Friday’s Fairy Tales: Snow White

Goodnight - Aphrodite
Image: Aphrodite

As sometimes happens with fairy tales, “Snow White” is based on a true story.  Margarete von Waldeck was a 16th century Bavarian noblewoman who grew up in Bad Wildungen with a stepmother who despised her and sent her off to Brussels to get rid of her.  Prince Philip II fell in love with Margarete, but his father, the king of Spain, didn’t approve and had her killed with poison.  The dwarves came from Margarete’s brother’s use of child labor in his copper mine.  The work caused severe deformities in the children, and so they were called dwarves. The poison apple came from the spoiled fruit that an old man would give to the children, especially if he believed they had stolen from him.

The first written version of the story was by the Grimm Brothers, published in 1812, and it was considerably darker than both the true story and the Disney version.  Instead of a stepmother, it’s Snow White’s mother who treats her so horribly, and, instead of ordering the huntsman to bring back Snow White’s heart, she tells him to bring back the liver and lungs because she wants to eat them.  Even more gruesome is that when the Prince finds Snow White, she’s not sleeping, but dead, and the Prince knows that when he carts off her body.  It’s not until during the trip that the coffin gets bumped, the piece of poisoned apple gets dislodged from Snow White’s throat, and Snow White comes back to life.  The “happily ever after” involves her mother being forced to dance to death in a pair of heated iron shoes after she comes to the wedding, which she was invited to attend. I’m not really sure which of the two is more evil, but I don’t see Snow White as being the innocent she’s portrayed to be.  I would love to read a modern day retelling that depicts Snow White as the one who’s evil instead of the stepmother.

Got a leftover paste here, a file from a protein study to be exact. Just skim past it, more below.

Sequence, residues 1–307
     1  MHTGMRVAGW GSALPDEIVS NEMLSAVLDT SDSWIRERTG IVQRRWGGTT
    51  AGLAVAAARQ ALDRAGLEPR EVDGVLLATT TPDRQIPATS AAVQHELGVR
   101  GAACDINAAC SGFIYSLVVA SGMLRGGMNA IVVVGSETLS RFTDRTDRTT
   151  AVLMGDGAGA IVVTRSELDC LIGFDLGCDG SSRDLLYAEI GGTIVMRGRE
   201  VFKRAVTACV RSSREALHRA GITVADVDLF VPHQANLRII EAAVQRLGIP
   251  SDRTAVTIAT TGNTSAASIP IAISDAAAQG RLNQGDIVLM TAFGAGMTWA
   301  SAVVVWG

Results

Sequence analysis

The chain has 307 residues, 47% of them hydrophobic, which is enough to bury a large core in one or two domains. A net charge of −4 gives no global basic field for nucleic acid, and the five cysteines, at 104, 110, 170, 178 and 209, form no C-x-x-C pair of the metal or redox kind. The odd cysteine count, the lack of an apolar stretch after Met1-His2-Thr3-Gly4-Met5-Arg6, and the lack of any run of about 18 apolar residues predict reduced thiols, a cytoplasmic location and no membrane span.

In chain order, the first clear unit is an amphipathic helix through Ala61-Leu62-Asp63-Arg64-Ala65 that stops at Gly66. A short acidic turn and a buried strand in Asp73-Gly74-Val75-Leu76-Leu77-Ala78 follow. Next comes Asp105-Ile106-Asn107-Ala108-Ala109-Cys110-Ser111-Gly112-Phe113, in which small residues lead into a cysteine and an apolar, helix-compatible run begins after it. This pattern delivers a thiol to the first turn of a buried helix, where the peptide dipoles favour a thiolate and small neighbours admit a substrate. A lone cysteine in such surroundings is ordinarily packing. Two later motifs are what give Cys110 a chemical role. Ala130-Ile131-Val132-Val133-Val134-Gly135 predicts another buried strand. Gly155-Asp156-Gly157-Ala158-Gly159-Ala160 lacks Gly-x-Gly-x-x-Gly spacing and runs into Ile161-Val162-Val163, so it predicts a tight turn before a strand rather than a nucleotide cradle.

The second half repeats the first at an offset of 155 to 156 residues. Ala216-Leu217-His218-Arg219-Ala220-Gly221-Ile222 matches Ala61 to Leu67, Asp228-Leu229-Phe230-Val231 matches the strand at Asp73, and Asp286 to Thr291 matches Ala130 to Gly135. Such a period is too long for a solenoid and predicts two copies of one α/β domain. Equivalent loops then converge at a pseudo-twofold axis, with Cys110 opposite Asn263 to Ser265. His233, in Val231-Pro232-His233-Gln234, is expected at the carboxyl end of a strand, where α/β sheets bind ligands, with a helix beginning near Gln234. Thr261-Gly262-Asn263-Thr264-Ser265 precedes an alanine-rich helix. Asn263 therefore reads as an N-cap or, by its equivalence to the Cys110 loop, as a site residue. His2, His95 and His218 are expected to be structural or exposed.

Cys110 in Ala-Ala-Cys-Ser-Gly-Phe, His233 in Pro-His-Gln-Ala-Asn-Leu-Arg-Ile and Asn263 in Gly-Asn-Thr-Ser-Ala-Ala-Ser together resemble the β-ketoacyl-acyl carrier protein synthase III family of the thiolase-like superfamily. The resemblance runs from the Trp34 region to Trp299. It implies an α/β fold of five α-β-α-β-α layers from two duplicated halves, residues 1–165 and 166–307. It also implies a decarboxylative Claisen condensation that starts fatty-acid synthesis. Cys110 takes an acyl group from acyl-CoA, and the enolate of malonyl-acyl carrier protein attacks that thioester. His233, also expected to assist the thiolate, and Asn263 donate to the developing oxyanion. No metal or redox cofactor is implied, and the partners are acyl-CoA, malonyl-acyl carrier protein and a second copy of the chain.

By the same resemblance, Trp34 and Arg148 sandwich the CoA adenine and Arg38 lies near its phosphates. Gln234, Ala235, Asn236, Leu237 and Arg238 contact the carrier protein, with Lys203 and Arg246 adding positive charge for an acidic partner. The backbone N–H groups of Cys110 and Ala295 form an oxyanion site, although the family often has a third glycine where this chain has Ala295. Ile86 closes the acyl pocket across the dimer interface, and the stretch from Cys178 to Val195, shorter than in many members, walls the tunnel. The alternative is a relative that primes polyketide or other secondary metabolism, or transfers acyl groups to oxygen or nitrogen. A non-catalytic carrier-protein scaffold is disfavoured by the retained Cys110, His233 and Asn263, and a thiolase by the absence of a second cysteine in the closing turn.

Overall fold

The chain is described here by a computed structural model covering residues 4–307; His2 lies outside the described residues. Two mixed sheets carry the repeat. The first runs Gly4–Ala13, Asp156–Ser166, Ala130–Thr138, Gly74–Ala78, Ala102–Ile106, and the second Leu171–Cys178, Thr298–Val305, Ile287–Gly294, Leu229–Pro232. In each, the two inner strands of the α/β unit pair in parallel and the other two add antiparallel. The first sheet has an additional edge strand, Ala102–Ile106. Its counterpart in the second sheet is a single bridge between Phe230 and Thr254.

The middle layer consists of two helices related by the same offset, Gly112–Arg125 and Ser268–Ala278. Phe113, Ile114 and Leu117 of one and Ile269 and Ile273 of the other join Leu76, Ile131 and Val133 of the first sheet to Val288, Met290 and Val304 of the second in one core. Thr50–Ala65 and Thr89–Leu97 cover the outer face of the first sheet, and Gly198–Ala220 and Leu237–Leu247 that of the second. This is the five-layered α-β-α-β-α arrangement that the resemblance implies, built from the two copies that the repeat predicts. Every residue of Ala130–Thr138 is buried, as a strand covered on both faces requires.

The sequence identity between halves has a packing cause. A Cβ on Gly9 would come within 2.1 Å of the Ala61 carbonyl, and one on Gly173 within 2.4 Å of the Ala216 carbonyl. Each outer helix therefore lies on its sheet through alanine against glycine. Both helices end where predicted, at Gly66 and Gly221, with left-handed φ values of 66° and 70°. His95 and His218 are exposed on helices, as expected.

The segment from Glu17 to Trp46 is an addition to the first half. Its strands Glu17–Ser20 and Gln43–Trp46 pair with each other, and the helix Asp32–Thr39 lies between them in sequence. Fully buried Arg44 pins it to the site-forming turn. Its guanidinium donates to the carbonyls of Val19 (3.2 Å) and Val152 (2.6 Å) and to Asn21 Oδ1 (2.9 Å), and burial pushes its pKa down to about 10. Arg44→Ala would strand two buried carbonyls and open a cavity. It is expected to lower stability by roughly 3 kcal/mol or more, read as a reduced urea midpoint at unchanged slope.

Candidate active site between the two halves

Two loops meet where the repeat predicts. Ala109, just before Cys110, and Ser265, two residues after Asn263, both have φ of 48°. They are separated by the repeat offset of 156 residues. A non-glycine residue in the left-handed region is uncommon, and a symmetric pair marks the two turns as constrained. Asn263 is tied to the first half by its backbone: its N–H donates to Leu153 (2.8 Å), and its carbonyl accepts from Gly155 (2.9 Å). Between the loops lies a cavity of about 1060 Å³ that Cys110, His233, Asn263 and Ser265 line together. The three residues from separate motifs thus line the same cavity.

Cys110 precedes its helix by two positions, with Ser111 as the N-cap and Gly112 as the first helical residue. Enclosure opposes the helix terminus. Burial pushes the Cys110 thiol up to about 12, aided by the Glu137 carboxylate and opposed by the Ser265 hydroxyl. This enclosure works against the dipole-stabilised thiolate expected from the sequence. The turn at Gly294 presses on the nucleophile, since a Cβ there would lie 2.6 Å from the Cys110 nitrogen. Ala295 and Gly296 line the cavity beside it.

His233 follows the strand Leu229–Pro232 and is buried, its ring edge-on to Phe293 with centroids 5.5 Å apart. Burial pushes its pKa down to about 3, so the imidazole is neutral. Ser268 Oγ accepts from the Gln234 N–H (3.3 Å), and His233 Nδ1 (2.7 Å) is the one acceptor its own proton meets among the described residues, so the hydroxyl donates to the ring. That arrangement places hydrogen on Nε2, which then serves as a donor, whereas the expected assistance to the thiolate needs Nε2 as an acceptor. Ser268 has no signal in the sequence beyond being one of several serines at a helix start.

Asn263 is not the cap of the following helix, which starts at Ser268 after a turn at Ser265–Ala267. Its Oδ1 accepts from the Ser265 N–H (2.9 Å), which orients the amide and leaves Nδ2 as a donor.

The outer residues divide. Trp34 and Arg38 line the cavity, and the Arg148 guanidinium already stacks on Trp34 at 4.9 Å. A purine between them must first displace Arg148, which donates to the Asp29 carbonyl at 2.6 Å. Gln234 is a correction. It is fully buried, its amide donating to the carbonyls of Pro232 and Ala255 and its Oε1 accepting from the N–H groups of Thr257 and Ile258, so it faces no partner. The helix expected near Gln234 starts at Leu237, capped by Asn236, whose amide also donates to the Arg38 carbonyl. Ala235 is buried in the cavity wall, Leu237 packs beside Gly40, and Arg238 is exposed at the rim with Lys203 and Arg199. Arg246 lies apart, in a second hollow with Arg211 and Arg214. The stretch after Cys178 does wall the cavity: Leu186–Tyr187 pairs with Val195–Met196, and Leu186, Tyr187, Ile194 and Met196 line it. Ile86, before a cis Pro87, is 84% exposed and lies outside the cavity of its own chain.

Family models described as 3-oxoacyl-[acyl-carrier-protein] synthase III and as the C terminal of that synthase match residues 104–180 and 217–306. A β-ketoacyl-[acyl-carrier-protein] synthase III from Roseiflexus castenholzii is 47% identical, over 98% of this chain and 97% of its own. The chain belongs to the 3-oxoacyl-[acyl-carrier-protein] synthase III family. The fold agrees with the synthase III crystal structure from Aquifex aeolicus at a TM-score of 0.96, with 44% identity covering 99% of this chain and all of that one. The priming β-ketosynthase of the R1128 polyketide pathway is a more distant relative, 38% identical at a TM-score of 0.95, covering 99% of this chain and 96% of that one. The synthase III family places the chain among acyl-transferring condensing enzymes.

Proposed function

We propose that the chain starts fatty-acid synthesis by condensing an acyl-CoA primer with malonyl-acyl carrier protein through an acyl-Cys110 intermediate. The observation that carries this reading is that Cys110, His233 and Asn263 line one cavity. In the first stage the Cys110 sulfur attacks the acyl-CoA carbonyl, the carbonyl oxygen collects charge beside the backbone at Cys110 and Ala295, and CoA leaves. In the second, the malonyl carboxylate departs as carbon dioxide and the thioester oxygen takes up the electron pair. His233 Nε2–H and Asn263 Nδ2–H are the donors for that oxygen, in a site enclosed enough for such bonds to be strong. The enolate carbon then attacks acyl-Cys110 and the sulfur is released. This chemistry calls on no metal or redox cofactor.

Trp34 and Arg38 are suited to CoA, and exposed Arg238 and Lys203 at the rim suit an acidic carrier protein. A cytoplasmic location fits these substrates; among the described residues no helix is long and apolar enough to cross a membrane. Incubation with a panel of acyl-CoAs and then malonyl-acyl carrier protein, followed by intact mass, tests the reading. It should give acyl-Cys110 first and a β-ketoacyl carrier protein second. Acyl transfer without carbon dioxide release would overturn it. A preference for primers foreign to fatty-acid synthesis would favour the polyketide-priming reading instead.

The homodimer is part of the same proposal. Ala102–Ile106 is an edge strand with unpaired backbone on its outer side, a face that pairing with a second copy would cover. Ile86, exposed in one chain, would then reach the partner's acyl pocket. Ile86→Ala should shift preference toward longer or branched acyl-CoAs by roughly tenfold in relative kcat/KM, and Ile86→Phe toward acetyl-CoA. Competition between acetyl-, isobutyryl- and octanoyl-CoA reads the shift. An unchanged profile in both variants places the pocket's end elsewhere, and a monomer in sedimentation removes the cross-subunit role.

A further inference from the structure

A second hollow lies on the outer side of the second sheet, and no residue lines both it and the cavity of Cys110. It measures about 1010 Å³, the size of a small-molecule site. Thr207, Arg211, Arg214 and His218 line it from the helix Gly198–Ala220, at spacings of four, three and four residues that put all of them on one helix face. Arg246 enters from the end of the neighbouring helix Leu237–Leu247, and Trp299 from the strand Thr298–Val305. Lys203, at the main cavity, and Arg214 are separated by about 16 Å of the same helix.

Speaking of retellings, here’s the list:

2 thoughts on “Friday’s Fairy Tales: Snow White

  1. I had no idea that Snow White was based on a true story nor how dark the Grimm Brothers’ version is (though, let’s be real, most of their stories are). That image of her mother dancing herself to death is going to be lodged in my brain for days to come.

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    1. It’s amazing how many old fairy tales involve dancing to death. If I remember right, it was a common punishment in stories because dancing was associated with the Devil as well as Pagan rituals.

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